Open Access Highly Accessed Research article

Discovery of DNA methylation markers in cervical cancer using relaxation ranking

Maté Ongenaert1, G Bea A Wisman2*, Haukeline H Volders2, Alice J Koning2, Ate GJ van der Zee2, Wim van Criekinge13* and Ed Schuuring4

Author Affiliations

1 Laboratory for Bioinformatics and Computational Genomics (BioBix), Department of Molecular Biotechnology, Faculty of Bioscience Engineering, Ghent University, Belgium

2 Department of Gynaecologic Oncology, University Medical Centre Groningen, University of Groningen, The Netherlands

3 Oncomethylome Sciences SA, Sart-Tilman (Liege), Belgium

4 Department of Pathology, University Medical Centre Groningen, University of Groningen, The Netherlands

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BMC Medical Genomics 2008, 1:57  doi:10.1186/1755-8794-1-57

Published: 24 November 2008

Abstract

Background

To discover cancer specific DNA methylation markers, large-scale screening methods are widely used. The pharmacological unmasking expression microarray approach is an elegant method to enrich for genes that are silenced and re-expressed during functional reversal of DNA methylation upon treatment with demethylation agents. However, such experiments are performed in in vitro (cancer) cell lines, mostly with poor relevance when extrapolating to primary cancers. To overcome this problem, we incorporated data from primary cancer samples in the experimental design. A strategy to combine and rank data from these different data sources is essential to minimize the experimental work in the validation steps.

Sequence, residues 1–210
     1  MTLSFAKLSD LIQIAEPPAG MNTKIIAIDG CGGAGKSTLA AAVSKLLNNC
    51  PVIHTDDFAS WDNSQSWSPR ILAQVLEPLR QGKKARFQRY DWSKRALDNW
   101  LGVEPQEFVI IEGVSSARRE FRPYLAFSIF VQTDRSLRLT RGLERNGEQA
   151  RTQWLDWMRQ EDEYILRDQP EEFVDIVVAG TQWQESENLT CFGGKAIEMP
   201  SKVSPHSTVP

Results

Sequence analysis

Aim

To apply a new relaxation ranking algorithm to enrich DNA methylation markers in cervical cancer.

Results

The application of a new sorting methodology allowed us to sort high-throughput microarray data from both cervical cancer cell lines and primary cervical cancer samples. The performance of the sorting was analyzed in silico. Pathway and gene ontology analysis was performed on the top-selection and gives a strong indication that the ranking methodology is able to enrich towards genes that might be methylated. Terms like regulation of progression through cell cycle, positive regulation of programmed cell death as well as organ development and embryonic development are overrepresented. Combined with the highly enriched number of imprinted and X-chromosome located genes, and increased prevalence of known methylation markers selected from cervical (the highest-ranking known gene is CCNA1) as well as from other cancer types, the use of the ranking algorithm seems to be powerful in enriching towards methylated genes.

Verification of the DNA methylation state of the 10 highest-ranking genes revealed that 7/9 (78%) gene promoters showed DNA methylation in cervical carcinomas. Of these 7 genes, 3 (SST, HTRA3 and NPTX1) are not methylated in normal cervix tissue.

Conclusion

The application of this new relaxation ranking methodology allowed us to significantly enrich towards methylation genes in cancer. This enrichment is both shown in silico and by experimental validation, and revealed novel methylation markers as proof-of-concept that might be useful in early cancer detection in cervical scrapings.